Andrew Fisher's groundbreaking book traces Columbia River Indian identity from the mid-nineteenth through the late twentieth centuries. Fisher explains how the shared experience of being off the reservation and at odds with recognized tribes forged river communities into a loose confederation called the Columbia River Tribe. Environmental changes and political pressures have eroded their autonomy, yet many River People continue to honor their ancestral connection to the Collumbia, resistance to the reservation system, devotion to tradition, and detachment from federal control and tribal governance.
This pioneering study broadens our understanding of how Indians have thwarted efforts to confine and define their existence within narrow reservation boundaries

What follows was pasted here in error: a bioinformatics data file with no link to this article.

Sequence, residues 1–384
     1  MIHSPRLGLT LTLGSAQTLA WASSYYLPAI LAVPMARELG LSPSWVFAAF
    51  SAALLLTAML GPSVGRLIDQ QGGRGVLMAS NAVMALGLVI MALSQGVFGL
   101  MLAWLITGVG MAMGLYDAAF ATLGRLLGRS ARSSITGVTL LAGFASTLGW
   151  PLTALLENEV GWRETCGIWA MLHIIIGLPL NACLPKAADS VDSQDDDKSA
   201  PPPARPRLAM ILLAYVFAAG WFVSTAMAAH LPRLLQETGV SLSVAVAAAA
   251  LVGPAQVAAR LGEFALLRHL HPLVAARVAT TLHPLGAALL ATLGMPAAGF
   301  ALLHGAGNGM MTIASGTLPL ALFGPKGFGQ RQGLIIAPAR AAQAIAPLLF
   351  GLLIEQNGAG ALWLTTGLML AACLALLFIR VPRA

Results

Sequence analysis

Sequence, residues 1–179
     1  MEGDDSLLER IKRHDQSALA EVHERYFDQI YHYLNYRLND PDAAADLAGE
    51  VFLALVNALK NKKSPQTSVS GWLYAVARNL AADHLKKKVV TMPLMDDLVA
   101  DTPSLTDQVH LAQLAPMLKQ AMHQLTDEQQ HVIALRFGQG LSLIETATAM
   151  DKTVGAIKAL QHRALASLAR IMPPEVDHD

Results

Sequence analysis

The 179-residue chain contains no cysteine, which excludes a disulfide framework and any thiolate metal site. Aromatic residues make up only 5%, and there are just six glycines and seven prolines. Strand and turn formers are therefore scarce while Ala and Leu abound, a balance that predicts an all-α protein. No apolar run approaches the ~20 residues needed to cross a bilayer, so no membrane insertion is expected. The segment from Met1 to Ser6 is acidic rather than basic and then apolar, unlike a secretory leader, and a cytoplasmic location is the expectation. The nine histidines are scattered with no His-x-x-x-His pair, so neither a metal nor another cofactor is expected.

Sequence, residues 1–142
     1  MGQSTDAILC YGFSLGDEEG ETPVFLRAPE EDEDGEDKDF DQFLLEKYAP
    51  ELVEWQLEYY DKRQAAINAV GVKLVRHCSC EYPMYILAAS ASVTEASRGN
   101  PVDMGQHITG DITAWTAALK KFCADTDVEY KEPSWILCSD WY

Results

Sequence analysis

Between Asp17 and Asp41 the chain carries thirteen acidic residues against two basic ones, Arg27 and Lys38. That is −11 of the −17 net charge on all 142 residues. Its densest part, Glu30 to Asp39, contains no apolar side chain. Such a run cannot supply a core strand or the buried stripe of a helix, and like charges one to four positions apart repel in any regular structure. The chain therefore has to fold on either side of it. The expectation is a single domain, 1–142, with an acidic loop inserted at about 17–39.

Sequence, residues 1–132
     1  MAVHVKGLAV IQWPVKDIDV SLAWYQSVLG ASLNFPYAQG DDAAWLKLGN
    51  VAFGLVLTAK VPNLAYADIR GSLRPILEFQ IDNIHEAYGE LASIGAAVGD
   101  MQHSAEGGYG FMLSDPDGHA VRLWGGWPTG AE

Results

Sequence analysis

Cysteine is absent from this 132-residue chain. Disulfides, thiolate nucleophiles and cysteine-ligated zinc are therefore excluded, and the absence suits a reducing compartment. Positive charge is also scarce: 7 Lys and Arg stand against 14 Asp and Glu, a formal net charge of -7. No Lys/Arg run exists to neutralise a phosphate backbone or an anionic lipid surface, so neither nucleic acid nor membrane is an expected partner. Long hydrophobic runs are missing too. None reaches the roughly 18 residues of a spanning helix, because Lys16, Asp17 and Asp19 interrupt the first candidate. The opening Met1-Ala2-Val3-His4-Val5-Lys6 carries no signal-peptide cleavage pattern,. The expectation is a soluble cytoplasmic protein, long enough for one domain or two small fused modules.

"Fisher's splendid account of Columbia River Indians' long resistance to their displacement and political redefinition is frank and sensitive, wise and sometimes wry. Shadow Tribe not only fills a crucial void in the literature on Pacific Northwest history, it also offers valuable lessons for all scholars of Indian and ethnic history."-Alexandra Harmon University Of Washington
"In this finely crafted book, Andrew Fisher provides a richly textured history of the making of a distinct identity among Indians of the Columbia River. By revealing the limits of tribal histories and uncovering the complexities of identity formation, Fisher makes a signal contribution to American Indian studies. A work of impeccable research and analysis, Shadow Tribe is also an eloquently told story of heroic persistence in the face of tragedy and loss."-Jeffrey Ostler, Author Of The Plains Sioux And U.S. Colonialism From Lewis And Clark To Wounded Knee